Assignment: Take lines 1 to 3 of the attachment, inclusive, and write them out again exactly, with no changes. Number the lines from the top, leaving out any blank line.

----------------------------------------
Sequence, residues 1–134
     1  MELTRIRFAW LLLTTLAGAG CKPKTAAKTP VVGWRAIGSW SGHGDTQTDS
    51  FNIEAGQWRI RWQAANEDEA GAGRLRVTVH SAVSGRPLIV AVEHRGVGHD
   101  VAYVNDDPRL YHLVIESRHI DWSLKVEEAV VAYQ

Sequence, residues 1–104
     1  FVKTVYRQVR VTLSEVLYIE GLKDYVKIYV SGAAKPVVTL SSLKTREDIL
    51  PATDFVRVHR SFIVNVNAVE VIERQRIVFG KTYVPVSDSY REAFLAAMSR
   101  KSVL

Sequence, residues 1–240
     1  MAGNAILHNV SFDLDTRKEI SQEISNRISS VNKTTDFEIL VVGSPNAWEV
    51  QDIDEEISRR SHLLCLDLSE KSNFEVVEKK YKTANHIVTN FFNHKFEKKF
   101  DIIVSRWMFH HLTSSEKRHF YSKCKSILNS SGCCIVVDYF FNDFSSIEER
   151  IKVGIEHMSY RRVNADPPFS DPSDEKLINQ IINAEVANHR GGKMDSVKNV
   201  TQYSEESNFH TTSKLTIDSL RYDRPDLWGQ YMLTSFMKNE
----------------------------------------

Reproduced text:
Sequence, residues 1–134
     1  MELTRIRFAW LLLTTLAGAG CKPKTAAKTP VVGWRAIGSW SGHGDTQTDS
    51  FNIEAGQWRI RWQAANEDEA GAGRLRVTVH SAVSGRPLIV AVEHRGVGHD